We've been hearing about Restaurant R'evolution for nearly two years now, after Louisiana chef and all-around culinary entrepreneur John Folse and the high-profile chef Rick Tramonto, formerly of Tru in Chicago, first announced they would collaborate on a major new restaurant in New Orleans. Next week, we'll finally get to see how all those plans add up. Restaurant R'evolution is slated to open for dinner on Monday, June 4 inside the Royal Sonesta Hotel.
Updates released along the way have left little doubt that the chefs' plans would be ambitious. While many restaurant trends are heading more casual these days, Restaurant R'evolution is dialing in a luxurious, grand restaurant experience.
They call it a "r'evolution"� but in this way it also seems like a bit of an experiment. It's been quite some time since a new restaurant with such an ornate setting and such a vast, intricate - and pricey _ menu has come along in New Orleans (Victor's, the former restaurant at the Ritz-Carlton Hotel, comes to mind). So even though Restaurant R'evolution has yet to serve its first meal, the place does invite the question of how it will fit in the city's dining scene.
At 200 seats and 6,000 square feet, Restaurant R'evolution features dining rooms decked with antiques, freshly-painted murals of historic and rural scenes and contemporary design throughout. There's a huge, open expo kitchen, tables set with Limoges china, a cheese cart and tableside preparations.
Even the approach to staffing is big and formal. Folse and Tramonto are each executive chefs, while Chris Lusk, previously of Café Adelaide, is chef du cuisine. There's a dedicated pastry chef - Erin Swanson, a protégé of Gale Gand, the renowned Chicago pastry chef (and Tramonto's ex-wife) - and there's a director of wine and spirits, Molly Wismeier, a transplant from Chicago who is now in charge of a 10,000-bottle cellar. The general manager is Muhammad Salahuddin, another veteran of Chicago restaurants.
The Restaurant R'evolution menu is described as a "contemporary translation of Cajun and Creole cuisine."� It does literally start with gumbo (two types, actually), and includes such Louisiana essentials as raw oysters and shrimp remoulade. From there, though, things get pretty exotic.
There are charcuterie boards and potted meats (head cheese, paté), but then dishes like espresso-crusted venison carpaccio with dark chocolate and walnuts, roasted bone marrow or "Tramonto's Caviar Staircase,"� an elaborate caviar presentation, and a holdover from Tramonto's Tru menu, ranging from $65 to $200 depending on which caviars you choose.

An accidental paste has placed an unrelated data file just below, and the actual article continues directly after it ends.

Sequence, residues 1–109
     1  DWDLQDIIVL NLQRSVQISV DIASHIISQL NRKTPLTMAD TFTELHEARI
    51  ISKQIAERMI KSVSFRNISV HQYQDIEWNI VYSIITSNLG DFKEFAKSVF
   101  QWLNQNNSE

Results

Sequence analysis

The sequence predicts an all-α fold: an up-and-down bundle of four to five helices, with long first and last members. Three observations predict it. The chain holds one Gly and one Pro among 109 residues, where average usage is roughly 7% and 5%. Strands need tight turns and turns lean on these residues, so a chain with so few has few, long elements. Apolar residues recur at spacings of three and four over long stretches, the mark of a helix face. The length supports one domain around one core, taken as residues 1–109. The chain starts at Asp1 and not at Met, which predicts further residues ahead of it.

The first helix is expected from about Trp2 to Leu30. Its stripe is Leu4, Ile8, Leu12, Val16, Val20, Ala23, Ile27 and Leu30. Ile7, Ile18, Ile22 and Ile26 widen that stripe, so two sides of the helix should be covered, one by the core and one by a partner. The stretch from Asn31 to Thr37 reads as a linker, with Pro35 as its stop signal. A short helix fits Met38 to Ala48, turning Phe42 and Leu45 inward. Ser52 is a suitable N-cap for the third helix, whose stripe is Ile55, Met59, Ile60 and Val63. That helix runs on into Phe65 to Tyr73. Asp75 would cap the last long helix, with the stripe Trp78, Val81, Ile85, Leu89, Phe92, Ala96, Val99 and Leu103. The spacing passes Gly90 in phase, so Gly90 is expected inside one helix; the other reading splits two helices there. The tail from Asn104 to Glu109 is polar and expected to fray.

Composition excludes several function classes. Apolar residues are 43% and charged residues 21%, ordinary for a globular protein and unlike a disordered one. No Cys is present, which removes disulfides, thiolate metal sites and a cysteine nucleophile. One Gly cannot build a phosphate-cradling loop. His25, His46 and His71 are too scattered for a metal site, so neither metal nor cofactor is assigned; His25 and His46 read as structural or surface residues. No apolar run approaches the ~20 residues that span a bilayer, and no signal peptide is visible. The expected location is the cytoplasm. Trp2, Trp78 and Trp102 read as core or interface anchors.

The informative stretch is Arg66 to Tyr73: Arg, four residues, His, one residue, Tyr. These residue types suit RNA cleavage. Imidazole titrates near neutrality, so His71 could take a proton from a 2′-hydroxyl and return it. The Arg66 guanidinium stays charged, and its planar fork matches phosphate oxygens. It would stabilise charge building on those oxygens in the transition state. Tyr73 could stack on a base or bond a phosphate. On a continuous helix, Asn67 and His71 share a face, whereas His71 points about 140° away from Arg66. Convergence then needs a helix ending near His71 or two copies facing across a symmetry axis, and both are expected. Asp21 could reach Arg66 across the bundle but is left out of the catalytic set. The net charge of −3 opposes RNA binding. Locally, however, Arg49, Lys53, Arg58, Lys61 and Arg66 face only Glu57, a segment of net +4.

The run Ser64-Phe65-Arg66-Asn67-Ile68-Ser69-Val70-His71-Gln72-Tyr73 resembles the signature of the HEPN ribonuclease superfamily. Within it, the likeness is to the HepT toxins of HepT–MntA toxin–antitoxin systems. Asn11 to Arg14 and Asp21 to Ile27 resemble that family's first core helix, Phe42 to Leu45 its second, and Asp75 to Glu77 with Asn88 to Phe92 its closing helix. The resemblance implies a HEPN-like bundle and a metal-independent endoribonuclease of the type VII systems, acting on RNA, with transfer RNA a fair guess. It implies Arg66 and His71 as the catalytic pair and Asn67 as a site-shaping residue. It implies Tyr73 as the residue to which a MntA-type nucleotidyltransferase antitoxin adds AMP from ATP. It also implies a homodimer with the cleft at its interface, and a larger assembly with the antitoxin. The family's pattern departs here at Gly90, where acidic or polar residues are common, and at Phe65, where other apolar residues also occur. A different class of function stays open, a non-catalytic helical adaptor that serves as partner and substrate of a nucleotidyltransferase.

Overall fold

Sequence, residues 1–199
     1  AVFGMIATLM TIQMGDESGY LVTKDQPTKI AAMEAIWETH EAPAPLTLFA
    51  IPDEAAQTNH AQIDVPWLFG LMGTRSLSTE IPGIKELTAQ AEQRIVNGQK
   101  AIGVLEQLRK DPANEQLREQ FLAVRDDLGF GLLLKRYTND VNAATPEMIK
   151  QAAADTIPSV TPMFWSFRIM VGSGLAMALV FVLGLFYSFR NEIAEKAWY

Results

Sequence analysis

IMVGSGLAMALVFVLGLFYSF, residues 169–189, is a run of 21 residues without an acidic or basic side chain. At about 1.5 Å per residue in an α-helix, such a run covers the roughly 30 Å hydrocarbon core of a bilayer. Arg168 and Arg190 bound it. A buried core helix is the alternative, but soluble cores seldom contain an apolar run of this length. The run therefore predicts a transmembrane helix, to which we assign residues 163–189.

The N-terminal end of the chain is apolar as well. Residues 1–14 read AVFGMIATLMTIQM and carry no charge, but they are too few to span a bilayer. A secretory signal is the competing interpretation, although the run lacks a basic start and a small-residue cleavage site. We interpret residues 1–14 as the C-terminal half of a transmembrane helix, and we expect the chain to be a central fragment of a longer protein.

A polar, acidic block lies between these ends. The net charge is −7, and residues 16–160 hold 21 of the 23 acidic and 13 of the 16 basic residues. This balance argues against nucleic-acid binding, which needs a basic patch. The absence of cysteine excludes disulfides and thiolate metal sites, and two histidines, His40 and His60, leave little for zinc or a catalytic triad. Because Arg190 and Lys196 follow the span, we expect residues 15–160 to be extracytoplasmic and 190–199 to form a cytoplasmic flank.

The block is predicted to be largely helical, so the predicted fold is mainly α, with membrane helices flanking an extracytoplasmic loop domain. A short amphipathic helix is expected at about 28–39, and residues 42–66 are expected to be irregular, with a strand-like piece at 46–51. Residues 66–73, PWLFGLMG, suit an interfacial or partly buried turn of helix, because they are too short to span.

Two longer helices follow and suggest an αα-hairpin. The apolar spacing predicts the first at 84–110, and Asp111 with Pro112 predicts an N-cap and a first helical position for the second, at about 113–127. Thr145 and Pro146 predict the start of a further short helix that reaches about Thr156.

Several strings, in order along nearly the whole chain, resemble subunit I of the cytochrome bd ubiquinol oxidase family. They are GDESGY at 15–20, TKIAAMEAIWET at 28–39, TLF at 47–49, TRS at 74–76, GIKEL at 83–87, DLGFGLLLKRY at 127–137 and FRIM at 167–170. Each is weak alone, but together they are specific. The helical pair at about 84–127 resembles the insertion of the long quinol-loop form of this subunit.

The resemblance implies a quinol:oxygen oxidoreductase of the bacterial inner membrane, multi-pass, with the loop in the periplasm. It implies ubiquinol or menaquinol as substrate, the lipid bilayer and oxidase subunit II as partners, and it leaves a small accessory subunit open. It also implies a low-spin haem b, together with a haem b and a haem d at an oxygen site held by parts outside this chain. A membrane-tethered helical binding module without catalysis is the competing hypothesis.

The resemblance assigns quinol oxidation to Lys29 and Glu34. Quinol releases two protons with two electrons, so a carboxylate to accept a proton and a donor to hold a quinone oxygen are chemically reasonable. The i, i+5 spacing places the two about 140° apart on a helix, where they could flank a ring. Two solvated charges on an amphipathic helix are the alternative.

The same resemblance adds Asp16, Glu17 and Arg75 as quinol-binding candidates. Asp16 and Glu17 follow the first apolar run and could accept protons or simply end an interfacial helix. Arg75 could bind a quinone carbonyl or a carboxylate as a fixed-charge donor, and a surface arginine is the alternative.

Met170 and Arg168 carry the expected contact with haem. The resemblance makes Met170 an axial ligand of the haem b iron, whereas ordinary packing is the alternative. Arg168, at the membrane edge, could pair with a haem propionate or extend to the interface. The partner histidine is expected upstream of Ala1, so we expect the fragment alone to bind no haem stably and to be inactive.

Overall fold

The menu (see PDF below) has a seafood section (crawfish-stuffed flounder Napoleon, seared scallops with foie gras) and a pasta section (sheep ricotta gnocchi with lobster, linguini with Manila clams). There are meat dishes like a "triptych"� of pork, stewed tripe and paneed veal chop; another section reserved for game (barbequed rabbit loin, molasses-lacquered duck); and yet another department just for steaks and chops. Apart from pastas, most entrees cost more than $30, and some are considerably more.
For dessert? Maybe rhubarb consommé with angel food cake, coffee-infused beignets or a chocolate soufflé. A separate bar menu has charcuterie, pastas, sandwiches (sliders, crabmeat grilled cheese, a burger), oysters, crudo and lots of small plates, plus specialty cocktails and more than 30 wines served by the glass.
Folse, a River Parishes native, runs a constellation of culinary businesses, from his Bittersweet Dairy to his Lafitte's Landing restaurant in Donaldsonville. Tramonto, originally from New York, started his â€œprogressive Frenchâ€� restaurant Tru in 1999, which soon won many national accolades and awards. Tru is part of the huge Chicago-based restaurant group Lettuce Entertain You Enterprises. Tramonto split with his partners and left Tru in 2010, shortly before announcing his plans with Folse.
Restaurant R'evolution will serve dinner daily for now, with lunch and brunch service planned to follow later this summer.